The lowest-income earner of the couple (not even talking about single parents…) will mostly not be able to cover these costs with the salary, especially in case of 2+ kids (2 kids = 5000 bucks/month minimum. So 60+k per year with a tax deduction of 4000-6000 CHF for Zurich). And she/he will have to stay at home for a while - even if it is not a real choice. And believe me, after a certain time, I see a lot of mothers who desperately want to come back and work, whether full-time or part-time, and who struggle like hell to find a job due to discrimination and “inactivity” on the CV for some years. And get very frustrated about the situation. Financially ? A disaster on a long-term view, unless you stay married to a rich guy forever (without any “life accident” - divorce, health issues, job loss etc).

Of course it can be a choice to stay at home, but looking at the level of the daycare costs, I doubt that there is a deliberate choice for the lowest incomes.

So I definitely think parental leave shall be longer (16 weeks are way too short!), and shared between mum and dads.

I think there is a compromise to find between fully funding daycare and not supporting it at all, isn’t it ?

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I wonder why Kita / Kindergarten is so expensive in the first place. If you subsidise it, the total cost will get even higher. I agree that with 2-3 kids it often makes more economic sense for one of the parents to stay at home, even if that’s not what they want.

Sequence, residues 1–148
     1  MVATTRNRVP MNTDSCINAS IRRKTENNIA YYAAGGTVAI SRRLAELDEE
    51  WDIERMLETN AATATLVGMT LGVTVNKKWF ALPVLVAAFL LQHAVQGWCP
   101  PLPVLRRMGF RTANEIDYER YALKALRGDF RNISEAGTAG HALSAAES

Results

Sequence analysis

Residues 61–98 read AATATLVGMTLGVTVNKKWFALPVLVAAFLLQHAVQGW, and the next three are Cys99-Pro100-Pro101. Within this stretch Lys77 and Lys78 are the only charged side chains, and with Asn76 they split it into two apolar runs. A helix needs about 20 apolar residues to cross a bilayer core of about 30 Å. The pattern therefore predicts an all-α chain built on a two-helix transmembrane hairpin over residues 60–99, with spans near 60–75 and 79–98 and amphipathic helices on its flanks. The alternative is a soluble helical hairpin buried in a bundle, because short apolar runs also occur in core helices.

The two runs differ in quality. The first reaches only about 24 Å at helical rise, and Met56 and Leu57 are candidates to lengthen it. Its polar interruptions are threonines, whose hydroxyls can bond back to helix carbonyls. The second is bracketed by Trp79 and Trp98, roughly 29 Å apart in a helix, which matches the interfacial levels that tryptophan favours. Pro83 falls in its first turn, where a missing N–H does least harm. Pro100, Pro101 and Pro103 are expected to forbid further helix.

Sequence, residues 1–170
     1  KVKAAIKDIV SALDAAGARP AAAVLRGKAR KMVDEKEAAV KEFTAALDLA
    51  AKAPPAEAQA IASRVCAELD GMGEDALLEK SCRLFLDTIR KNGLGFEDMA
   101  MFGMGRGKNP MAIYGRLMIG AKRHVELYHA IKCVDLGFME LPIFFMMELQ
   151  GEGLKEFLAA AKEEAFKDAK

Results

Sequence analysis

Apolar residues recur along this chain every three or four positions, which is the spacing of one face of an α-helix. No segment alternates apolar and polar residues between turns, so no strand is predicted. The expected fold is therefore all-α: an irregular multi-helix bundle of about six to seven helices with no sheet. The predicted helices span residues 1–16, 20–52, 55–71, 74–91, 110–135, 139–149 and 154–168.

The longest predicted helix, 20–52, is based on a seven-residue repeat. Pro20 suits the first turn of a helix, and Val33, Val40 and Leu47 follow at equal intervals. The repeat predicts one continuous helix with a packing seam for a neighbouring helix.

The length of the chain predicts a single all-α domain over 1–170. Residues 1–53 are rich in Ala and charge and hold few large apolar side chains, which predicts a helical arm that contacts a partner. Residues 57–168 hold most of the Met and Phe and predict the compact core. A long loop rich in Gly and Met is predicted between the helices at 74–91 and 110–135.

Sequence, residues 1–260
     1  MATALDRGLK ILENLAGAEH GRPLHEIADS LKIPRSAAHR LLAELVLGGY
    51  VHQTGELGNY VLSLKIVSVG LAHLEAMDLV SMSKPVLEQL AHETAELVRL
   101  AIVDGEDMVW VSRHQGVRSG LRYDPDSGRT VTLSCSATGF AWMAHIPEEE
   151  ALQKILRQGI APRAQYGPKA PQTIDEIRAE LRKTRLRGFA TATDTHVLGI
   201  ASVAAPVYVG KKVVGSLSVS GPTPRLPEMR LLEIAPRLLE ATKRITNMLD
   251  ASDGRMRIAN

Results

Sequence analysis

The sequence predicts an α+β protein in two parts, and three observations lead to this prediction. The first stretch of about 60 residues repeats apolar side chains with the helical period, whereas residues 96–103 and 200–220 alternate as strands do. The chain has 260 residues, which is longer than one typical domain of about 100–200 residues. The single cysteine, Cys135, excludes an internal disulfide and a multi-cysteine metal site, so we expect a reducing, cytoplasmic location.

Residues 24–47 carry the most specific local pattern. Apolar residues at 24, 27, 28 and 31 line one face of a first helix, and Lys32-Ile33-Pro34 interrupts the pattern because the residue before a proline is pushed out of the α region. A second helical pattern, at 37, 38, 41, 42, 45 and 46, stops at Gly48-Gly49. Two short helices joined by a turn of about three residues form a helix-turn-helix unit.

I’m surprised you call me selfish, since people usually have kids out of their personal interest, and not out of some patriotic duty. I also wouldn’t worry about too few doctors or firefighters in the future. If only they are paid a market rate, people will flock to professions where they are needed the most. You want me to pay money for your kids, how is that not selfish of you?

By the way, families which own a house, where both parents are working, hire a full time babysitter, usually a girl in her early 20s, who lives with them and also cooks for them, and gets 1000-1500 CHF per month for this.

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Please add few hundreds of francs for the extra room in the house, food, insurances, and pocket money as I think it is quite unfair to pay a person 1500 CHF for a full-time job, which I assume is far more than 40 hours a week if this poor young lady has to take care of the kids from the morning until the evening and cook for the whole family (so working from 6-7 AM until 7-8 PM, I hope including some breaks). If I understand correctly what you mean, this looks like slavery.

That’s the socialist mindset right there. You know what’s better for the people than themselves. Slavery… please. These are young adults, often without proper education, who will not get a good job in their countries of origin. Here they get free accomodation, free food, and still as much money, as they would get for a full time job in their home countries. Allow people to make their own choices. Don’t forbid them for their own (!?) sake.